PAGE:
Desnick Baron. In loving memory Of our father. Of St. Paul and formerly Delray Beach, FL. Born in Kensington, MN on January 18, 1916, Baron was preceded in death by his beloved wife Nina, of 60 years, brothers Joe, Theodore and Milton, and parents Abe and Lillian. Survived by daughter Margie Desnick; son Tony Desnick; daughter-in-law Ulla Tervo Desnick; two precious grandchildren Ellie and Sonja; sisters Rivian Goldberg and Shirley Segal (St. Louis Park); a special sister-in-law and brother-in-law Ethel and Len Mayeron (St. Paul); sister-in-law Marion Mayeron (San Diego), and Ruth Hartman (Golden Valley); in addition to many nieces and nephews who were very dear to him; and close friends in the Twin Cities and Florida. Baron was a retired pharmacist who graduated from the University of Minnesota Pharmacy School in 1938. He and his brother founded Desnick Bros. Drugs, and Baron ran the St. Paul store at Lexington and University for over 35 years. Baron was on the planning team for building the St. Paul JCC and was a lifetime board member. He also served on the board of Temple of Aaron (St. Paul) and was well-known in Del Ray Beach for designing the stained glass windows of Temple Anshei Sholom. Baron was an active member of the Gleneagles (Florida) and Hillcrest Country Club, where he got a hole-in-one, made lasting friendships, and put in many pleasurable rounds of golf. Members of Hillcrest and the Temple of Aaron still remember Baron as party planner extraordinaire; he created a magical evening in Paris by transforming cardboard into an Eiffel Tower for a New Year's Eve party, and designed a rising platform for a dance band for a wedding reception. His artistic talent was also displayed in his marble etchings in which he chiseled prayers or sayings in Hebrew, along with his wife's name and his signature. Although his hobby contributed to his pulmonary fibrosis, he admitted it gave him many hours of pleasure, and he enjoyed giving the finished artwork to friends and family, celebrating simchas and to synagogues for their gift shops. All who knew Baron will remember him as a feisty guy, who dressed to a tee, and lived life with gusto. He truly lived one day at a time, having recently fulfilled a life's dream in visiting Mount Rushmore and even going to a Twin's game. He was a master of the remote, clicking between baseball, golf and wrestling, but the Lawrence Welk program on Saturday night got his full attention. Baron's trademark was sporting an old presidential campaign button; displays of his collection received publicity in Palm Beach and Highland Village newspapers. Baron had a generous heart; he had returned address stickers from several charities to whom he sent donations. Baron ran his drugstore with precision; he was a master of retailing and attentive to details. He ground pharmaceuticals with a mortar and pestle, and was available to help customers from 7 am to 11 pm. Baron overlooked race in his hiring practices before it was fashionable and treated everyone with respect. He served as a commissioner on the Governor's Commission for Human Rights in Minnesota. Baron had a great sense of humor and went the extra distance to get to know people; he always asked a person's name and showed sincere interest in them. Since moving to St. Paul, Baron enjoyed his hours playing bridge with friends at the Wellington, and was appreciative of the wonderful care he received from Lacey at Care Mate, and the team of Heartland Hospice. Baron was outspoken, yet very humble, and will be missed by his family and friends more than he will ever know. Funeral services WEDNESDAY 10:30 AM TEMPLE OF AARON SYNAGOGUE, 616 S. Mississippi River Blvd. Memorials are preferred to the Jewish Community Center of St. Paul, 1375 St. Paul Ave, St. Paul 55116, or the Children's Home Society of Minnesota, 1605 Eustis St., St. Paul 55108, or the donor's favorite charity. SHIVA at the Wellington, 2235 Rockwood Ave (Wednesday & Thursday). Arr. Hodroff & Sons.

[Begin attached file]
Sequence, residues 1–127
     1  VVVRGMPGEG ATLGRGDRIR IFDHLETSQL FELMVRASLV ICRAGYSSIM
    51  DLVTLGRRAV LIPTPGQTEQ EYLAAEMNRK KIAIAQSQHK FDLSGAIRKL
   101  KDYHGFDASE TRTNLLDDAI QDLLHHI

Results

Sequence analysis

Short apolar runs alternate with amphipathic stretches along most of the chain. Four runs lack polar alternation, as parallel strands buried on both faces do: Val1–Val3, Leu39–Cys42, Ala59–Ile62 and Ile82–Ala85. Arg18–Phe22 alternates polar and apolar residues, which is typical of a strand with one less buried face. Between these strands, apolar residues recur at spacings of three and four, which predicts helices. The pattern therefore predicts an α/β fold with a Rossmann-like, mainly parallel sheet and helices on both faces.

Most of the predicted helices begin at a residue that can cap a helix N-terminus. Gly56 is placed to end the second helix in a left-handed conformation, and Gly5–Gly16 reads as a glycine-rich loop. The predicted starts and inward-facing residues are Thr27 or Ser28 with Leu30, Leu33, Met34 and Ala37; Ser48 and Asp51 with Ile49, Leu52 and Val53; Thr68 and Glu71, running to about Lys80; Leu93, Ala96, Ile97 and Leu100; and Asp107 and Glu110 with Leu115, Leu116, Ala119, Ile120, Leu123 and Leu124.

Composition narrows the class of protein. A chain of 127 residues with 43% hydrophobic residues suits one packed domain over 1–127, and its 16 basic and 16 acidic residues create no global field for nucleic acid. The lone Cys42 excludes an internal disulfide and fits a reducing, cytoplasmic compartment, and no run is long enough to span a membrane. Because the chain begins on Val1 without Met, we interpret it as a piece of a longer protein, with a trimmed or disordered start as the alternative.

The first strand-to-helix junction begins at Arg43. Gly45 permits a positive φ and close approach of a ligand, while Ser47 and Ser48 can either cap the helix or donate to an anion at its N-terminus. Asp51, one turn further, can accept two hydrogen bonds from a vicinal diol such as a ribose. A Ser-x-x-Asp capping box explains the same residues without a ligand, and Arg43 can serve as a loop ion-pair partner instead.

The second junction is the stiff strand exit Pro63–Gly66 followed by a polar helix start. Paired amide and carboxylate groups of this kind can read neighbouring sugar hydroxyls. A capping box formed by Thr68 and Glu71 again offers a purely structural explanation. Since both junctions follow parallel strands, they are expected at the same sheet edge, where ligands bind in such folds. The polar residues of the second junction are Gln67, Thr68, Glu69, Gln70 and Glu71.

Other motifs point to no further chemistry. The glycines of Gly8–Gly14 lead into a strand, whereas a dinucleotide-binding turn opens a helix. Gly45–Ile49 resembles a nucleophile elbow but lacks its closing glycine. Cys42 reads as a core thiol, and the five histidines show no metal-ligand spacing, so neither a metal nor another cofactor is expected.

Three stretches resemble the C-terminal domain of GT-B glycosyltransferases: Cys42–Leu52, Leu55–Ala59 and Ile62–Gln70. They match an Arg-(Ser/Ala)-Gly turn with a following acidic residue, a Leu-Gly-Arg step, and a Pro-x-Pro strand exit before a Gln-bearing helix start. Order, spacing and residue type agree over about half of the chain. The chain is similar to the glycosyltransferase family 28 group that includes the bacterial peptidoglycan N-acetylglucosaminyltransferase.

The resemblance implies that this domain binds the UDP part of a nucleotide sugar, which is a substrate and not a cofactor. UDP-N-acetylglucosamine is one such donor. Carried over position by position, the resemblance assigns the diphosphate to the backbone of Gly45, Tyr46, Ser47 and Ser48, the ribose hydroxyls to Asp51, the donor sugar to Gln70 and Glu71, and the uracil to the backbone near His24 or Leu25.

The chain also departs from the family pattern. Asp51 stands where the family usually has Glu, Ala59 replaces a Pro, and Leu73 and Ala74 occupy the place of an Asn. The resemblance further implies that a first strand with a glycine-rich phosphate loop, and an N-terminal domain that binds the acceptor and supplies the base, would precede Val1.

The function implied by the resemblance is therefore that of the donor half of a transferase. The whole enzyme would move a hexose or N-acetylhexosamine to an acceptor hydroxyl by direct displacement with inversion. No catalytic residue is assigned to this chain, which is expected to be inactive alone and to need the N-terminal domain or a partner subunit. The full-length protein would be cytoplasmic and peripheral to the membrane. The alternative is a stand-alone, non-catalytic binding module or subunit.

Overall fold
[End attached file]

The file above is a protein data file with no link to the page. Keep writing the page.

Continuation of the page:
Published on July 29, 2003

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